A watchdog tasked with investigating a recent of spate of suicides and self-harm incidents inside Northern Ireland prisons has questioned the ongoing delay in reviewing a key care and treatment policy.
Prisoner Ombudsman Tom McGonigle said there was a "moral imperative" on the justice and health authorities to complete the redrafting of the prison suicide and self-harm prevention policy.
The recommendation to review the policy within nine months was made in an inspection report in October 2014.
Mr McGonigle, who was giving evidence to the Assembly's health committee, expressed concern it was still not finished two years later.
"I don't get why things can't be done within two years - it doesn't make sense to me," he said.
"As a moral imperative, if a recommendation is made and not accepted then that's fine.
"If a recommendation is made and accepted by, in this case the two parties involved - the trust (South Eastern Health and Social Care Trust) and Prison Service, I think there is a moral imperative that they should deliver that.
"That recommendation said that the revamped suicide and self-harm policy should be in place within nine months. We are two years on and it hasn't happened - I don't get that."
The recommendation was made in a joint inspection report by Criminal Justice Inspection NI and the Regulation and Quality Improvement Authority (RQIA).
Five people have died in custody in the last 12 months - four of the deaths were suspected suicides.
On Monday, Justice Minister Claire Sugden said she and Health Minister Michelle O'Neill were launching a review into vulnerable prisoners in the wake of the incidents.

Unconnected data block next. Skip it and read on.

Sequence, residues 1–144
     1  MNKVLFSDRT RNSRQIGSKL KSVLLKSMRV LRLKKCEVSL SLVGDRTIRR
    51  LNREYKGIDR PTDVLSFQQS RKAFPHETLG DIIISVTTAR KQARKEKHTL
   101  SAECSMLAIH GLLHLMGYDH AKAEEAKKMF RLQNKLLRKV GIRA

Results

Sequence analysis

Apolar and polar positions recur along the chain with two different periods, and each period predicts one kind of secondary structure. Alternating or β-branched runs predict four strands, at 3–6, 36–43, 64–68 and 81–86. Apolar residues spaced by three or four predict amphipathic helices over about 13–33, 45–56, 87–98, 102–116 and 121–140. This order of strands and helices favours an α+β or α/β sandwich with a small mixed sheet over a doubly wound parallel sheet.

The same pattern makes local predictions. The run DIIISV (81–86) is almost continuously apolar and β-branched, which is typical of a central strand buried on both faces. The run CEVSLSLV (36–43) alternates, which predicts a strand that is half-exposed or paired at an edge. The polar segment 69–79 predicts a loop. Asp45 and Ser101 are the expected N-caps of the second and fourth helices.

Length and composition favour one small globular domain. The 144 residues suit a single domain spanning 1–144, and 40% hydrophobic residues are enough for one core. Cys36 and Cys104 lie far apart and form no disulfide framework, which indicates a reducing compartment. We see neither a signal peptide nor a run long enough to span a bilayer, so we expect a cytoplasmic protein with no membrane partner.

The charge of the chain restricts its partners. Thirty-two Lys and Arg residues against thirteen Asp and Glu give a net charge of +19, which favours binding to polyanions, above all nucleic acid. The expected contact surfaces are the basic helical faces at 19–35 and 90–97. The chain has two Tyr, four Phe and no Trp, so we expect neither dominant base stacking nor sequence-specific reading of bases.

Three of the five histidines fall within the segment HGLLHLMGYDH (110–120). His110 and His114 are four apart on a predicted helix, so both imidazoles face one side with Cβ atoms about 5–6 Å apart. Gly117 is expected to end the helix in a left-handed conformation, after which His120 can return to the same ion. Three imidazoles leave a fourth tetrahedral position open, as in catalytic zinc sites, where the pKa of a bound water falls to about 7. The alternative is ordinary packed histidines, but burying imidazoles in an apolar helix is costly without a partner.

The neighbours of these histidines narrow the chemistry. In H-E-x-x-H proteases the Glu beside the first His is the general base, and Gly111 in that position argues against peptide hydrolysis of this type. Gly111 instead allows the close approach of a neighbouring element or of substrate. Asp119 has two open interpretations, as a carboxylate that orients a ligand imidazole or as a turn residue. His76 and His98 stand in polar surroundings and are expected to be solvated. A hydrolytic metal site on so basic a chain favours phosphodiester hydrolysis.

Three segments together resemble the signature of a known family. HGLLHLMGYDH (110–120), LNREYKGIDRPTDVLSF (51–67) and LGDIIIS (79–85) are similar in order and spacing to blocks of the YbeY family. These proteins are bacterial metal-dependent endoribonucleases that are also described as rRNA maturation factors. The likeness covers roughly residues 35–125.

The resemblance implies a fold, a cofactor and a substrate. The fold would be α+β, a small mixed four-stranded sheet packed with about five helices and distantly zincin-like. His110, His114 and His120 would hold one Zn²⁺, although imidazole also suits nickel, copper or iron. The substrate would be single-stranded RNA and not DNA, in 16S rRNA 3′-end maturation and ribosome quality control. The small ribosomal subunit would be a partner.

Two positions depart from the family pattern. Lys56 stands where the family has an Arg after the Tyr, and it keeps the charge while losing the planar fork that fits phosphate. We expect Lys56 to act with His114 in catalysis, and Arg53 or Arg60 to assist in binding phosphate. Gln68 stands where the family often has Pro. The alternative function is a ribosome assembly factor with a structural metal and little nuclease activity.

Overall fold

Ms Sugden also told the Assembly that the new suicide and self-harm prevention policy was "still in development".
Mr McGonigle was briefing committee members on two recent investigations into care failings in respect of a fatal overdose and a serious self-harm incident.
Prisoner Sean Lynch blinded himself and inflicted other serious injuries during a sustained period of self-harming inside Maghaberry Prison in June 2014.
Mr McGonigle's report found that warders did not step in quickly enough during the hour-long ordeal because of security concerns and a failure to realise the seriousness of his injuries.
He also discussed the case of Patrick Kelly, who died in February last year after overdosing on prescribed medication he stockpiled inside Maghaberry when safeguarding measures were lifted.
The ombudsman said several opportunities to help Mr Kelly had been missed while he was on remand.
He said prison officers and nurses overlooked crucial medical documents and failed to recognise that Mr Kelly was at high risk of self-harm.